Lil’ Bush: Resident of the United States - Season Two
Directed by Donick Cary
Studio: Paramount/Comedy Central
Aspect Ratio: 1.33:1
Running Time: 220 minutes
Audio: Dolby Digital 2.0 stereo English
MSRP: $ 26.99
Release Date: October 14, 2008
Review Date: October 9, 2008
The satire is much stronger and more solidly on the mark in the second season of Lil’ Bush: Resident of the United States. Presuming to involve grade school versions of the current administration bumming around together during Bush Sr.’s years in the White House, Lil’ Bush might not always reach its satirical comedy goals with each episode, but the best ones do exactly what they should: make one laugh while understanding the fundamental follies behind some major political agendas currently at play in Washington, D.C.
Lil’ George Bush has three loyal playmates: best friend Lil’ Chaney (who’s blisteringly angry all the time and bloodthirsty to boot), Lil’ Rummy (who gets to bear the brunt of blame for all the group’s shenanigans that go wrong), and Lil’ Condi (who worships Lil’ Bush from afar since his heart belongs to another). This season, the Lil’ Cronies (as they call themselves; their adversaries are the Lil’ Dems) stage their own surprise Mardi Gras in New Orleans using money rightly earmarked for Katrina victims, manage to make St. Patrick’s Day even more exclusive by rerouting the big parade out of the country, and become hooked on the very pharmaceuticals which the big drug companies use to lobby for millions in kickbacks. Big Oil, the Middle East, and China all get major kicks in the rears once the Lil’ Bush crowd get involved in their activities.
The cast has gained a few hilarious new characters this season. The Lil’ Dems have much stronger work from Lil’ Hillary and Lil’ Al Gore this year (seeing Lil’ Al stuff himself with cookies during the season premiere had me howling), and naturally Lil’ Barack is also front and center during some episodes. On the Crony side, we see some solid cameo appearances by Lil’ Fred Thompson (with a hilarious Law & Order title screen), Lil’ Karl Rove, and Lil’ Giuliani. As was the case last season, the voice actors including Chris Parson (Lil‘ Bush, among others), Dave Mitchell (Lil' Jeb, Big Bush, the announcer, among others), Donick Cary (Lil’ Chaney, among others), Iggy Pop (Lil’ Rummy and Big Rummy), Mara Cary (Barbara Bush), and Kari Wahlgren (Lil’ Condi) do excellent work. As in season one, music plays a key role in many episodes (Lil’ Karl rapping is quite funny) though not always to positive effect.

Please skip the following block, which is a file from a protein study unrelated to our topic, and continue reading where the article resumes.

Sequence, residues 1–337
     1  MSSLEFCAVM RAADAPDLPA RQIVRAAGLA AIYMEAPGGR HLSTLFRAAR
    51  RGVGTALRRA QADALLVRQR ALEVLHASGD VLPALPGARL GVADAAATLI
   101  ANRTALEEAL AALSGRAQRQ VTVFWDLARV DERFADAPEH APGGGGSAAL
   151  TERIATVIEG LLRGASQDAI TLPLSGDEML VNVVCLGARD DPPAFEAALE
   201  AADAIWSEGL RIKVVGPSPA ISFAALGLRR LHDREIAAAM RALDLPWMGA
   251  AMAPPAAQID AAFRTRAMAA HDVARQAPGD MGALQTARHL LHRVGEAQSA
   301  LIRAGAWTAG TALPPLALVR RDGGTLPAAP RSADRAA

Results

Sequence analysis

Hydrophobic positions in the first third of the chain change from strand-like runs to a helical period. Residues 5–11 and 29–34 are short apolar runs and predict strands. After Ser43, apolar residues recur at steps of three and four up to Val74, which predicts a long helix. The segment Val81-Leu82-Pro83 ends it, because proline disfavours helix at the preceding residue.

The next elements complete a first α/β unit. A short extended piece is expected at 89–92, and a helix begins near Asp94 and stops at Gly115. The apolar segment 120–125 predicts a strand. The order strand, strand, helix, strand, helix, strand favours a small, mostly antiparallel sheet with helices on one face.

The writing is still erratic, of course, but much more consistently on the mark than during season one. When one decides he’s going to chance satire, the results can pay big dividends or wind up falling totally flat. I didn’t find all that much amusing about Lil’ George finding himself dating three different girls at the prom, but when the gang decides that just too many different strata of society can be included in St. Patrick’s Day and decide to do something about it, the writing really gets pointed and funny. There's also a marvelous adaptation of Weekend at Bernie's that's a scream. And that opportunity for fun is what keeps one coming back for more. Through the season, the writers take some merry swipes at the likes of Sean Penn, Courtney Love, Wolf Blitzer, Anderson Cooper, Stephen Baldwin, and Neil Diamond.
Here are the ten episodes which constitute this season’s box set:
1 - St. Patrick’s Day
2 - Big Pharma
3 - Crony Break-Up
4 - Katrina
5 - Three Dates
6 - Weekend at Saddamy’s (my favorite episode of the season)
7 - Afghanistan
8 - Wedding
9 - Pooty-Poot
10 - Anthem/China
The series is broadcast in 1.33:1 on Comedy Central, and these transfers replicate the network broadcasts. With no anamorphic enhancement, there is line twitter and aliasing in every episode, often to very distracting effect. Color is pleasant, and sharpness is apt, but there are traces of color banding in several of the episodes. Each episode has been divided into 5 chapters.
The Dolby Digital 2.0 stereo audio track is loud, and while the music can sometimes be distorted at normal volume, the dialog is always well recorded and delivered, and there is even occasionally some directionialzed dialog which opens up the listening space a bit.
Six of the ten episodes (# 2, 6-10) feature audio commentary by members of the production staff. They do often mention jokes that were deleted due to standards and practices and ideas they attempted that didn’t work, but often they laugh at their own material or go silent altogether, so the discussions are really hit and miss.
There are 6 Web Clips which run a total of 6 ¾ minutes. These appear to be outtakes from episodes but aren’t identified as such. They (and all of the video bonuses) are presented in 4:3.
“Lil’ Bush Girl Viral Video” is a 2 ½-minute music video of the song “My Lil’ Bush.”
There are 8 animatics available for viewing, rough pencil animation of various scenes from the first two seasons of the show with vocal tracks present (but sometimes temporary tracks without the regular cast). These shorts run a total of 20 ¾ minutes.
Comedy Central Quickies are lifted excerpts from The Daily Show with Jon Stewart, The Colbert Report, South Park, and Reno 911!
There are previews for the Comedy Central programs South Park - Season 11, TV Funhouse, and Kenny Vs. Spenny.
An improvement from its freshman season, Lil’ Bush makes for an entertaining animated satirical romp. After two seasons of their silly antics, the quirky personalities of the Lil’ Cronies do, in fact, grow on a viewer.